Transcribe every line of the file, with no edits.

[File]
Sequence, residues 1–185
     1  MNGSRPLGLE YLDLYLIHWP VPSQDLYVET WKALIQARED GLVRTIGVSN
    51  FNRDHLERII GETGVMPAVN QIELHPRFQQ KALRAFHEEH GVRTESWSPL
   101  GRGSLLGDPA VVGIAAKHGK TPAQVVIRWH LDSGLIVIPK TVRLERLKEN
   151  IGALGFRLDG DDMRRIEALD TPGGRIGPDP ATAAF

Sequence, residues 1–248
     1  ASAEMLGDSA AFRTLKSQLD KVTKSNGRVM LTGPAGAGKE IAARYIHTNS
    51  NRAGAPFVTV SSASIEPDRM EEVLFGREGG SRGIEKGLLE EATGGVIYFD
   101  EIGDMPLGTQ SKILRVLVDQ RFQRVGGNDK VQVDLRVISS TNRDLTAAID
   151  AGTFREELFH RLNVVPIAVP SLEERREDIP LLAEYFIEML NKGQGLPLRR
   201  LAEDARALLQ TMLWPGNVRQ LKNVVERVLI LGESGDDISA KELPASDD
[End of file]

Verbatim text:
Sequence, residues 1–185
     1  MNGSRPLGLE YLDLYLIHWP VPSQDLYVET WKALIQARED GLVRTIGVSN
    51  FNRDHLERII GETGVMPAVN QIELHPRFQQ KALRAFHEEH GVRTESWSPL
   101  GRGSLLGDPA VVGIAAKHGK TPAQVVIRWH LDSGLIVIPK TVRLERLKEN
   151  IGALGFRLDG DDMRRIEALD TPGGRIGPDP ATAAF

Sequence, residues 1–248
     1  ASAEMLGDSA AFRTLKSQLD KVTKSNGRVM LTGPAGAGKE IAARYIHTNS
    51  NRAGAPFVTV SSASIEPDRM EEVLFGREGG SRGIEKGLLE EATGGVIYFD
   101  EIGDMPLGTQ SKILRVLVDQ RFQRVGGNDK VQVDLRVISS TNRDLTAAID
   151  AGTFREELFH RLNVVPIAVP SLEERREDIP LLAEYFIEML NKGQGLPLRR
   201  LAEDARALLQ TMLWPGNVRQ LKNVVERVLI LGESGDDISA KELPASDD